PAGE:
Dowding, Hugh Caswall Tremenheere
First Baron Dowding, air chief marshal in charge of Fighter
Command in Britain during World War II and author of several
books on psychic phenomena and survival of death. Lord
Dowding was born April 24, 1882. He was educated at Winchester
and the Royal Military Academy, Woolwich, London, and
joined the Royal Artillery in 1900. In 1914, as World War I
began, he joined the Royal Flying Corp (after 1918 the Royal
Air Force). He commanded Fighting Area, Air Defense of
Great Britain (1923–30), during which time he also was director
of training at the Air Ministry, London (1926–29). He subsequently
served as the air member for research and development
of Air Council (1930–36), air officer commander-in-chief
of Fighter Command (1936–40), and principal A.D.C. to the
king (1937–43). He retired in 1943.
Soon after his retirement, Dowding wrote a series of books
on psychic phenomena, including Many Mansions (1943), Lychgate
The Entrance to the Path (1945), and The Dark Star (1951).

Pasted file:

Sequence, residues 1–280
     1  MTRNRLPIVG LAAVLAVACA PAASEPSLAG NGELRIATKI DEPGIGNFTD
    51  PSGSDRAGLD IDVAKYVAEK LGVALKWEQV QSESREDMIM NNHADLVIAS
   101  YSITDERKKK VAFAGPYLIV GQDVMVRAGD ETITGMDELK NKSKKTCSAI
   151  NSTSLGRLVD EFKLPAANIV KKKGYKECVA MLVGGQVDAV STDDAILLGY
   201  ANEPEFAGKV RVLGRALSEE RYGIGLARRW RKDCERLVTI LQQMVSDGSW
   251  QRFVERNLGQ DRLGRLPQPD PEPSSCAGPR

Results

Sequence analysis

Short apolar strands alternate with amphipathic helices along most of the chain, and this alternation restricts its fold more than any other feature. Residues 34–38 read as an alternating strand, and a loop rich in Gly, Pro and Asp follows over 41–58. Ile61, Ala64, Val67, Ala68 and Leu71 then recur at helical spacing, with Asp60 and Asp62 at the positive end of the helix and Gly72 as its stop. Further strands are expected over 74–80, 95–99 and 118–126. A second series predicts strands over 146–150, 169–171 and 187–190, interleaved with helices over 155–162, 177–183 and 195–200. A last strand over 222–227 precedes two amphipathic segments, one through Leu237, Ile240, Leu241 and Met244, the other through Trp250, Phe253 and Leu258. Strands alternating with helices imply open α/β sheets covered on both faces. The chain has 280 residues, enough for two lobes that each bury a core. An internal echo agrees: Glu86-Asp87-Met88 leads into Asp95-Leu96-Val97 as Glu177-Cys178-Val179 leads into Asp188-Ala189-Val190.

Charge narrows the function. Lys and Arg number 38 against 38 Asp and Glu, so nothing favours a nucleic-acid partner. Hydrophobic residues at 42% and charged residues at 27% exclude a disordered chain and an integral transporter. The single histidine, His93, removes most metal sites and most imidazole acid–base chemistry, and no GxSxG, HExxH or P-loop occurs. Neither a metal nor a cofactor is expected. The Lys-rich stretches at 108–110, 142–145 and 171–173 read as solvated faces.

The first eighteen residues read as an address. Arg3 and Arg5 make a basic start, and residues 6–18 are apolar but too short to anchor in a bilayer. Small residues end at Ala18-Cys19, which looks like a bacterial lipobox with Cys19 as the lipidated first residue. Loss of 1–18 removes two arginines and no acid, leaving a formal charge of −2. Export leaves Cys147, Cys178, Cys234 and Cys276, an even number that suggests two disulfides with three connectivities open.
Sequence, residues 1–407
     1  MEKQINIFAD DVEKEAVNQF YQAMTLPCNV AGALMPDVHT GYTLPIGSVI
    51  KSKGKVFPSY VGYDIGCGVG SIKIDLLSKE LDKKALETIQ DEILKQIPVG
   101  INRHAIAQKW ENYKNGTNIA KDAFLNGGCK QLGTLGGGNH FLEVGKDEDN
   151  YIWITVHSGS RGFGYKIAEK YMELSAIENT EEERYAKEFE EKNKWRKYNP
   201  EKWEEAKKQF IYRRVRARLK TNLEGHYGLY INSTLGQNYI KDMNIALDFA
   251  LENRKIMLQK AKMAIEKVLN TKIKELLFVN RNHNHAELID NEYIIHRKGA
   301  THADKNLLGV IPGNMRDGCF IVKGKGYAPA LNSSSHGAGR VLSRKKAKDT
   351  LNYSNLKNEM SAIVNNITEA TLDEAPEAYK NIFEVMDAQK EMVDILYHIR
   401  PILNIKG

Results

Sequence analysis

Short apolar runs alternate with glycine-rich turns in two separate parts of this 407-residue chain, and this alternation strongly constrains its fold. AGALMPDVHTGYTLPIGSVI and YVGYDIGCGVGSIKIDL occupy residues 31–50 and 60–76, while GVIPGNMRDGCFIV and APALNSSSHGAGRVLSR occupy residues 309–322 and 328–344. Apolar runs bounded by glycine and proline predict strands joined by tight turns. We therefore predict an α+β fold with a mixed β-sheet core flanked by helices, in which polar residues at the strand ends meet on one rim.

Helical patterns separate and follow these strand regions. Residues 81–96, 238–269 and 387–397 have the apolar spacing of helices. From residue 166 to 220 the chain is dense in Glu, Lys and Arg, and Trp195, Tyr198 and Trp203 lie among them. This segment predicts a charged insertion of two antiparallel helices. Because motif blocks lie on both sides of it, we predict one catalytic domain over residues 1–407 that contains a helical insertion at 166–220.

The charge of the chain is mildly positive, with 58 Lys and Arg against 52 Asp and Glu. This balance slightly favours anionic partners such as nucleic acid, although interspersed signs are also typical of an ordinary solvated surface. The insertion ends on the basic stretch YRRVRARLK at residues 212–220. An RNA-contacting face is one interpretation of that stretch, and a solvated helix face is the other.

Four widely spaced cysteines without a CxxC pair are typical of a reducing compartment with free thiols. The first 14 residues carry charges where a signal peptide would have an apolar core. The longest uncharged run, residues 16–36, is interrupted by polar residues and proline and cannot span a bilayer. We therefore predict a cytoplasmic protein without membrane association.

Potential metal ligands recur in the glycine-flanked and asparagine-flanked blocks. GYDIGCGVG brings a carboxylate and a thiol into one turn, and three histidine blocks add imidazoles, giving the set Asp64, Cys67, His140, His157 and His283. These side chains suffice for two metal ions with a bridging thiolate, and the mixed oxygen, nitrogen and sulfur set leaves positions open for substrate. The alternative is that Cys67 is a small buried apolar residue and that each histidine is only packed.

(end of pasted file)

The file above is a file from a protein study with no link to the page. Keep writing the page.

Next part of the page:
He was also a member of the Fairy Investigation Society. He
died February 15, 1970.
Many people believed that Dowding’s major contribution to
the defense of Britain in World War II was not sufficiently honored.
A statue of him was eventually erected in 1988 at St.
Clements Dane, the Royal Air Church in the Strand, west central
London. It was unveiled by the Queen Mother on Sunday,
October 30, 1988.
Dowling, Lady. Beauty—Not the Beast. St. Helier, Spearman,
1980. Reprinted as The Psychic Life of Muriel, the Lady Dowling
An Autobiography. Wheaton, Ill. Theosophical Publishing
House, 1981.
Dowling, Lord. The Dark Star. London Museum Press,
———. Lychgate The Entrance to the Path. N.p., 1945.
———. Many Mansions. London Rider, 1943.